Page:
Through his public career, Key opposed emancipation unless the freed people of color were immediately sent to Africa. The “Negroes,” Key wrote, constituted “a distinct and inferior race of people, which all experience prove to be the greatest evil that afflicts a community.”

This record meant that in Key’s lifetime — he died in 1843 — “The Star-Spangled Banner” was too controversial to win acceptance as the national anthem. At the time, two other patriotic songs, “Hail Columbia,” now forgotten, and “America,” (also known as “My Country ‘Tis of Thee”) were at least as popular.

It was not until after the Civil War that “The Star-Spangled Banner” began to gain official recognition. Southerners adopted the song as a symbol of reconciliation of North and South. Politically, “reconciliation” meant the end of the Reconstruction era, when the federal government defended the constitutional rights of African Americans.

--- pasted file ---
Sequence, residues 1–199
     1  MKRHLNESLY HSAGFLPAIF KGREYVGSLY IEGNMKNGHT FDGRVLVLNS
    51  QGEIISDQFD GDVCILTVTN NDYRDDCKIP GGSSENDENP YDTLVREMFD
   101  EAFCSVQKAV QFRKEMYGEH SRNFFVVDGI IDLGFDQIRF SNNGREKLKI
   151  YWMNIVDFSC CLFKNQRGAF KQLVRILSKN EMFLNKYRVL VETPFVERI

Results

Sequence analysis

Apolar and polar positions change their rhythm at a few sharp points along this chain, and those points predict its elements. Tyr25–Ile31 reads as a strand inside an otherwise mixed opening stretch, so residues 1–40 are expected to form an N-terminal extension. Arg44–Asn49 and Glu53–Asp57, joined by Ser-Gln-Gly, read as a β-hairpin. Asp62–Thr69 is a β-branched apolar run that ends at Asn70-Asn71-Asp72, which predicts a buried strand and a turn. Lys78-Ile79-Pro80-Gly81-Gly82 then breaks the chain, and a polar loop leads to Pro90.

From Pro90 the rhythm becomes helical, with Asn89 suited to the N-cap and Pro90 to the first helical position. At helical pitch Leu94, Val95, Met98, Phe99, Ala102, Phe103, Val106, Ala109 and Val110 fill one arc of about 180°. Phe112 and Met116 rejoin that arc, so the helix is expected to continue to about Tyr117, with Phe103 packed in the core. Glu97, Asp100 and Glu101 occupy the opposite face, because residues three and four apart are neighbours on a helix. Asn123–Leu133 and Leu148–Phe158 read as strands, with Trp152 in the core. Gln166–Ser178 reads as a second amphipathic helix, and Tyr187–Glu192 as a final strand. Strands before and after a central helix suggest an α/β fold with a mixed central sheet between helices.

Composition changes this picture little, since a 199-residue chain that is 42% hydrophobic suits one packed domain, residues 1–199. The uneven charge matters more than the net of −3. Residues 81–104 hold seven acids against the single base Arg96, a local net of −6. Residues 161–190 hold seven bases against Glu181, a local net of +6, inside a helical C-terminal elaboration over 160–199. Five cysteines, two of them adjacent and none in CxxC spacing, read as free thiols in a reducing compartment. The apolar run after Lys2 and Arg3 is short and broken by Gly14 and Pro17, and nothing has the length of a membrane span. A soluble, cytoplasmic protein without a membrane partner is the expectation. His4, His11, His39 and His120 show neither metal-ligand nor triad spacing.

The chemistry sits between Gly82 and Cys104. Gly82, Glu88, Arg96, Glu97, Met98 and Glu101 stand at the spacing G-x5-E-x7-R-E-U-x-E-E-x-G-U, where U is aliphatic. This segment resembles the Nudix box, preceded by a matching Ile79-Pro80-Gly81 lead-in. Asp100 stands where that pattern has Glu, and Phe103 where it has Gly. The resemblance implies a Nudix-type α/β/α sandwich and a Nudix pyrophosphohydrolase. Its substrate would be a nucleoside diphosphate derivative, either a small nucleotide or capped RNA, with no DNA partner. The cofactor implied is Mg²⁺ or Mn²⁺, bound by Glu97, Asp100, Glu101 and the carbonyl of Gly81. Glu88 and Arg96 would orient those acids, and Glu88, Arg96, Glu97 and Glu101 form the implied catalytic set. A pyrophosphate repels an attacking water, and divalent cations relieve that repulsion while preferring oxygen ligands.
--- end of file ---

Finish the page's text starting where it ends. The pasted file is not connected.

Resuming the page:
Key’s song also boosted America’s emergence as a global military power. It was played after the U.S. Navy destroyed the Spanish fleet in Manila Bay in 1898, marking an enormous expansion of the U.S. overseas empire.

In 1904, the Navy stopped playing “Hail Columbia” at its functions, making “The Star-Spangled Banner” its de facto anthem. That same year, the Army began requiring officers and enlisted men to “stand at attention and uncover” during the song. Even before it became the national anthem, “The Star-Spangled Banner” had become the national song of the U.S. armed forces.

In the 1920s, the song became controversial again. After the carnage of World War I, the line “rockets’ red glare, the bombs bursting in air” seemed heinous, and some intellectuals called for a new anthem. Among African Americans, James Weldon Johnson’s “Lift Every Voice and Sing” became known as the “Black national anthem.”